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Behind the Scenes: BBC at Epic Studios

“A fascinating time…”

Epic Studios was buzzing with life earlier in the month, when the BBC recorded their EU Referendum debate. It’s not until you see behind-the-scenes that you can begin to understand exactly what kind of organisation goes into producing television. The EU show wasn’t particularly complex on the grander scale of things; but from autocue operator to director, lighting assistant to presenter, 37 people contributed to its success and preparations started days before the event.

Lighting rig Epic Studios

As a researcher for Epic Studios, I was able to move around the studio, gallery and green room, watching highly skilled BBC and Epic Studios crew in action as the show unfolded before my eyes, I took the opportunity to talk with some former staff from the studios who were present, about our building’s history. While microphone checks were performed, lighting altered and scripts were run through, I was lucky enough to have an opportunity to chat to BBC East producer Patrick Davies, who explained that he had come in for the day purely as an observer.

Patrick Davies BBC at Epic Studios

Having worked in the building as a broadcast journalist on the Anglia TV news from 1995-2001, Davies (pictured above with BBC floor manager Bob Clements and Epic Studios’ operations manager Kris McCarthy) was visibly happy to be back in the building, soaking up the atmosphere and remembering his time here in the 90s. As rehearsals went on in the main studio and guests began to arrive, I took him for look around the old news rooms and gallery and listened as he reminisced about his time at Anglia News. He told me how things had changed since he worked at Epic and recalled running into the production gallery with video tapes, hoping there would be enough time to get his VT (Video Tape recording) ready for airing before the news went out that night.. Back then, most journalists had their own crew. They would focus on getting the pictures while journalists wrote the accompanying words. Nowadays of course, in terms of news reporting, there are fewer people doing more work – you don’t necessarily have your own camera crew. It’s often the case that reporters will go out, shoot, edit and write for a news piece themselves, with very little help.

BBC at Epic Studios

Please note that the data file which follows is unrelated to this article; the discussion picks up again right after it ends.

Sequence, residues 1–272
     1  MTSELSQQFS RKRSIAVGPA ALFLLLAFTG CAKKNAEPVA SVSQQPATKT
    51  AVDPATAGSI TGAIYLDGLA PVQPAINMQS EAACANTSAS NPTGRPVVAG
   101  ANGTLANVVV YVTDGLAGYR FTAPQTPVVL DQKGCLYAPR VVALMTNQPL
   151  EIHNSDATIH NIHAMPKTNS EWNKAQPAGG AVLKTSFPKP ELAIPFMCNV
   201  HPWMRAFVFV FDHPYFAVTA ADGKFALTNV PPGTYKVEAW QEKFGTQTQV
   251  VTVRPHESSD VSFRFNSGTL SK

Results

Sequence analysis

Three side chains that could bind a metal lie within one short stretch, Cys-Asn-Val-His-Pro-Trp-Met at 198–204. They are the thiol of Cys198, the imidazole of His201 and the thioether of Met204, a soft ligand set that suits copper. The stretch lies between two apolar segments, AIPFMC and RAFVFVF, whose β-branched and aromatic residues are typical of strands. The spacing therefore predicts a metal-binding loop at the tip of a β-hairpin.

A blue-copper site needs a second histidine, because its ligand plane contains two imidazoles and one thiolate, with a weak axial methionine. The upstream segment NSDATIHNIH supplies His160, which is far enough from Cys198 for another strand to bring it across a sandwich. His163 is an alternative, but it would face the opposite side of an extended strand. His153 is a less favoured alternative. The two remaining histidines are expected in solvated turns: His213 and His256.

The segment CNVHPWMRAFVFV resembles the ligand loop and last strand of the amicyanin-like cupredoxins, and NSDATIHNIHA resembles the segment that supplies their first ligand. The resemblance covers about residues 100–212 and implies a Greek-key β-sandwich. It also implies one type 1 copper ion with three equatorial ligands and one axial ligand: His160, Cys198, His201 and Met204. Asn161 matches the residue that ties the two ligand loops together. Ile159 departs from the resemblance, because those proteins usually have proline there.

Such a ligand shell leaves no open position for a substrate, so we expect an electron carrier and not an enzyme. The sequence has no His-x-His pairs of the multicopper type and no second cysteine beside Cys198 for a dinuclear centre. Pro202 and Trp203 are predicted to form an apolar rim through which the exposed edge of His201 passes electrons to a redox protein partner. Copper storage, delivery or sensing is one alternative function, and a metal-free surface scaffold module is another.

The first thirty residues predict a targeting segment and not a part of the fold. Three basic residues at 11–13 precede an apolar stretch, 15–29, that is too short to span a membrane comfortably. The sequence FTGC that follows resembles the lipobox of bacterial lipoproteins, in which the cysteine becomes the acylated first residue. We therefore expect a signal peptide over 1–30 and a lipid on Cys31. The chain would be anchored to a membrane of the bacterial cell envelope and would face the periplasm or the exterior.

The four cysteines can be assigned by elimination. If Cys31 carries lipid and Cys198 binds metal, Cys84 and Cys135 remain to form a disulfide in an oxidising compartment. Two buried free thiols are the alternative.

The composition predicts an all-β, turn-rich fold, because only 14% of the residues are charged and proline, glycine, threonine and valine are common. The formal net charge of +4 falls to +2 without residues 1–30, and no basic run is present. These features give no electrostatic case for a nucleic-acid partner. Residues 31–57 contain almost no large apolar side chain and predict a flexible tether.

Before leaving, Mr Davies introduced me to Bob Ledwidge, now regions editor at Westminster but previously Head of Regional Programmes at Anglia TV (formerly based at Epic Studios).

“When I was working here, this was probably the biggest studio outside of London, other than maybe Manchester,” he told me. “I did quite a lot of regional shows and audience shows here in the 90s. Anglia was doing 11hrs of regional programming a week – which is an awful lot of programming! Of course that’s all gone now but it was a fascinating time. Epic Studios used to be a bowling alley of course… a cinema until 1962 then a bowling alley.

Old Mayfair Cinema

“Afterwards, Anglia TV (and Anglia news – which I personally never worked for) was based here. But for most of its life this was a big studio for big productions! It could also be divided up, so you could have 3 sets for 3 different shows at once. The 2 smaller studios became the news studios – and they were the first virtual reality studios in the country for news! So Anglia news, both East and West, used to come from here.”

I asked him what his role was on the EU Referendum Debate show but he explained that, like Patrick, he was here just for the experience of being back at Epic Studios: “Deborah said if you can on Sunday, pop in, so I came along”, he smiled.

“Lovely to be back at Epic Studios”

I was struck by the professionalism and graciousness of those who had joined us for the day. Everyone I spoke to, willingly gave up their time to tell me something positive of their experience in television production or our studios specifically; happy to share their stories and experiences Current staff clearly aren’t the only people who see Epic Studios as a special place.

Stewart White, Deborah McGurran & Andrew Sinclair

The show went smoothly, despite emotions obviously running high on both sides of the debate.
Once recording was complete and the last audience members left the building, I asked producer Deborah McGurran and presenter Stewart White (shown above sharing a joke with Andrew Sinclair during rehearsals) how they felt things had gone:

“You’re always slightly at the mercy of the audience with this type of thing”, Deborah explained. “You can never be sure that they will turn up – but we had very little drop out here tonight. It was a big audience and they were a lively audience! It was very nice to get that size of an audience into a studio this size. It just gives you a better range of opinion and people.”

TV studio behind the scenes

You look at the panel and realise how motivated they are as well, that’s the other thing! There was a lot of passion here tonight,” added Stewart.

They were both here last year for the 2015 BBC Election Debate Special, so I asked them how it was to be back.

“It’s lovely to be back at Epic Studios”, said Stewart. “It’s a great facility, perfect for this kind of event, and we’ve been really well looked after.” Deborah nodded her agreement and I walked away a happy blogger, with a great note to end the day on.

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